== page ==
Liked by 1 person

  17. Think how many classics would not make the award lists today! Those classics might not be politically correct, perhaps they don’t challenge current thinking, do they make you think rather than drag you into a hole, they are probably well written and contain beautiful language, etc. Honestly, I think money is behind so much of what is pushed on us through the book clubs, publishers, and large book sellers. I like to read a variety of books–some are serious, some are humorous. I read religious and secular. I read fiction and nonfiction. I read cozy mysteries to keep my brain awake and give me an escape at the same time. Although I understand the attraction of certain genres that I don’t read, I do avoid thrillers and horror stories. As in finding a medical professional, it is good to get a recommendation from someone you trust.

    Liked by 1 person

    1. I’m doing an unscientific survey. I’m trying to note how I heard about a book, and I’m rating them monthly. In December I’m going to figure out where I get most of my fave reads from

      Like

  18. Fascinating. I don’t pay much attention to books, art, etc, that have won awards. I’m genuinely interested in reading, watching, seeing, and listening to art that moves and inspires me. Period. Further, I often disagree with the books, etc., that receive these types of awards. It reminds me of a conversation I had with a friend of mine once. We were talking about movies that continued to win awards for best picture, actor, etc., and how much we disagreed with many of the winners…

    Liked by 1 person

    1. I look at movie awards…I admit I do often agree with winner. Though I didn’t love Nomadland as much as everyone else and I hated shape of water

      Liked by 1 person

  19. Goodreads has an award for reader’s choice every year based on different genres that Goodreads members can vote on. I think you tend to see awards going to “edgier” kinds of works over the feel good ones in all kinds of areas, not just books, but it is definitely an issue in the book industry. It is one of the reasons why I have often shied away from “award winning” books.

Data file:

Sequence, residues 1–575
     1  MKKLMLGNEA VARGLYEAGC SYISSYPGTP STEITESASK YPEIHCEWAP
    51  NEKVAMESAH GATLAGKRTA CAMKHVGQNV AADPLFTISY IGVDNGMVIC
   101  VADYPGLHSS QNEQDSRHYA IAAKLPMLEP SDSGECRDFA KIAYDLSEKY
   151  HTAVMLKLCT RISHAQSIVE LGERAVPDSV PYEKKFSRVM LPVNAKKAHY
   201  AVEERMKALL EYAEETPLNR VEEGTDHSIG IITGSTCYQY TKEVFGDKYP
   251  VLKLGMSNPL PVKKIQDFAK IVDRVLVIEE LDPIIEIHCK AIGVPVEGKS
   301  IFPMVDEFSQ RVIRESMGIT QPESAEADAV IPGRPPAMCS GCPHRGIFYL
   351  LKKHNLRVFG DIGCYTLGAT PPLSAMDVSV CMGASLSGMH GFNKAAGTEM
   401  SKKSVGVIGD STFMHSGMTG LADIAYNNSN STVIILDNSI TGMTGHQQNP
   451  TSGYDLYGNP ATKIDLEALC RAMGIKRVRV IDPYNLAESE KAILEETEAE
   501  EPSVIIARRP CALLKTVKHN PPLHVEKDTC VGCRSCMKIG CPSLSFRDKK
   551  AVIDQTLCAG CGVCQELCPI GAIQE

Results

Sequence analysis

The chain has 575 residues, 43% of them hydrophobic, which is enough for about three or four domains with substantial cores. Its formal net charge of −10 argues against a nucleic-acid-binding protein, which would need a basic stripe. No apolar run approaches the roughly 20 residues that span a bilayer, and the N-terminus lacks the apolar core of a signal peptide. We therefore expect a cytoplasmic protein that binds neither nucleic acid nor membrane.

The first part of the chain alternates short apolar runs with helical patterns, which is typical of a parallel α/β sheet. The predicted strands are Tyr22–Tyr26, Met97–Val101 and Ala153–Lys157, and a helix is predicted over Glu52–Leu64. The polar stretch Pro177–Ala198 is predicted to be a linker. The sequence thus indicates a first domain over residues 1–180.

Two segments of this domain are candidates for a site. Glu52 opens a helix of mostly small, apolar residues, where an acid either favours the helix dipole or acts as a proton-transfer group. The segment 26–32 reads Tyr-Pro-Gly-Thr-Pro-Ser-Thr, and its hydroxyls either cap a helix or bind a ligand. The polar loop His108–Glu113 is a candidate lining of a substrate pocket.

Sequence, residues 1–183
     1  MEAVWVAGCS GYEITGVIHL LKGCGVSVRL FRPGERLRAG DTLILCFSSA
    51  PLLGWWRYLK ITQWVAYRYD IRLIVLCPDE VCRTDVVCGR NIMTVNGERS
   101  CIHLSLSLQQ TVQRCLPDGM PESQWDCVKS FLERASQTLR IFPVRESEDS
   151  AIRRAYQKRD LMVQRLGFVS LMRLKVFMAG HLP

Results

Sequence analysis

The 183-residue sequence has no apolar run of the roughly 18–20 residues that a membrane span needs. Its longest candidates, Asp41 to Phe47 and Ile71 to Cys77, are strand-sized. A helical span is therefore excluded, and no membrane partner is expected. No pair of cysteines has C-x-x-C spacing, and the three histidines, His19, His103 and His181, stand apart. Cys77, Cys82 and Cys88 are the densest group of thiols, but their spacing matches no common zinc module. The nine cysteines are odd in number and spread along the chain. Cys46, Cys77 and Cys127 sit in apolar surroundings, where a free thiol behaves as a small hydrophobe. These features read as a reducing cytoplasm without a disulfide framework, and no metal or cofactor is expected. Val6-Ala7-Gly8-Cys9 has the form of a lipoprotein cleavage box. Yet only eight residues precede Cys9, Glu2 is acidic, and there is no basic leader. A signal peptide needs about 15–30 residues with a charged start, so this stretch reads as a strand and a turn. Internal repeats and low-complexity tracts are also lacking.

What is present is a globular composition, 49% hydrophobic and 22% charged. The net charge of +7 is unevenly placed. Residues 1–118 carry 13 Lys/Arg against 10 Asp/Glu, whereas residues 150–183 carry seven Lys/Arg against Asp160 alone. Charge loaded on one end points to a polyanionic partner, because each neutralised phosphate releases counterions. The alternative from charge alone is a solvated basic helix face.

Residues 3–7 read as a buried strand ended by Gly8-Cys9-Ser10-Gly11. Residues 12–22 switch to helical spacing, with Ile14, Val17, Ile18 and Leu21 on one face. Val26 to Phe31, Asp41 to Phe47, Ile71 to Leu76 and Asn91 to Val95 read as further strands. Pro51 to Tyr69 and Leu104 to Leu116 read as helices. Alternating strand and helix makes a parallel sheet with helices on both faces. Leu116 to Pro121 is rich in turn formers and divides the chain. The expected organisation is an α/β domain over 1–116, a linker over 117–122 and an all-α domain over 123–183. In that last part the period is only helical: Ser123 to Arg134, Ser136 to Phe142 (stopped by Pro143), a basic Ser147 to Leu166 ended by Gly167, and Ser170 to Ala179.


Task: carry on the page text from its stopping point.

Liked by 1 person

    1. I think we need to find an award that doesn’t have anything to do with Amazon…I can’t help but wonder how much influence they have over good reads

      Liked by 2 people

      1. Oh, I have a lovely rant brewing in my head right now about Goodreads and Amazon that I’ve been debating posting. Sadly, it wouldn’t be my first.

        Liked by 1 person

  20. Interesting topic. I can’t read anything too dark or disturbing. I just stopped reading a book because I found the author’s recounting of her mother’s madness too upsetting. Too bad because it was beautiful written, but not something I need to read.

    Liked by 1 person

  21. Same feelings. Book club read. I got through 40% then decided to drop it. I hated the depression and the sick feelings it evoked. I think only the dystopian/dysfunctional/ disturbing/ not easily understood books get awards. Maybe it’s a case of the Emperor’s new clothes?!

    Liked by 1 person

  22. LA,
    So glad you brought this up! I feel the exact same way about books, movies, TV shows, etc. Also, I think it’s marvelous that you were triggered by a book about triggers! Ha! I love irony even if I don’t like the book or movie or whatever! Mona

    Liked by 1 person

  23. I went to read about it and gah.

    When I’m reading a book, I’m attempting to escape from my problems rather than confront them. I prefer my books to provoke thought rather than to make my anxiety worse. I feel like I might have nightmares tonight.

    Liked by 1 person

  24. I usually skim or leave the room when anxiety provoking content appears in shows, movies, and books. It stays with me for far too long and getting those images out of my head once I am exposed is impossible. I remember reading a story in Readers Digest (which we kept in the bathroom) when I was a kid about the torture our service people endured during the Vietnam War. It changed the way I think about people and the depth in which we can sink into darkness. No thank you. I’m staying with the light and I mean that metaphorically of course, C

    Liked by 1 person